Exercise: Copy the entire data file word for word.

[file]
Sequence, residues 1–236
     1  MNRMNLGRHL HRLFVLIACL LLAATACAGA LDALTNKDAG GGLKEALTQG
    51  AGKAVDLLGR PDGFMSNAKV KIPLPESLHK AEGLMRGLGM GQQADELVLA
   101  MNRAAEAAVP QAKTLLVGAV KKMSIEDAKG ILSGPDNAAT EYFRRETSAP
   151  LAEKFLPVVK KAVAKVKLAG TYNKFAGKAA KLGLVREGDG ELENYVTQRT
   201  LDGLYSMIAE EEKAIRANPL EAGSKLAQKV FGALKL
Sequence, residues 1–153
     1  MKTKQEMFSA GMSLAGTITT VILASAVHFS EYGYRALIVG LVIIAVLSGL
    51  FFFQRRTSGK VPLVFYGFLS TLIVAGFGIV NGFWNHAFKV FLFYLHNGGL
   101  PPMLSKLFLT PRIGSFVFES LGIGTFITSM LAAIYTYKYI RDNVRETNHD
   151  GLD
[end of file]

Sequence, residues 1–236
     1  MNRMNLGRHL HRLFVLIACL LLAATACAGA LDALTNKDAG GGLKEALTQG
    51  AGKAVDLLGR PDGFMSNAKV KIPLPESLHK AEGLMRGLGM GQQADELVLA
   101  MNRAAEAAVP QAKTLLVGAV KKMSIEDAKG ILSGPDNAAT EYFRRETSAP
   151  LAEKFLPVVK KAVAKVKLAG TYNKFAGKAA KLGLVREGDG ELENYVTQRT
   201  LDGLYSMIAE EEKAIRANPL EAGSKLAQKV FGALKL
Sequence, residues 1–153
     1  MKTKQEMFSA GMSLAGTITT VILASAVHFS EYGYRALIVG LVIIAVLSGL
    51  FFFQRRTSGK VPLVFYGFLS TLIVAGFGIV NGFWNHAFKV FLFYLHNGGL
   101  PPMLSKLFLT PRIGSFVFES LGIGTFITSM LAAIYTYKYI RDNVRETNHD
   151  GLD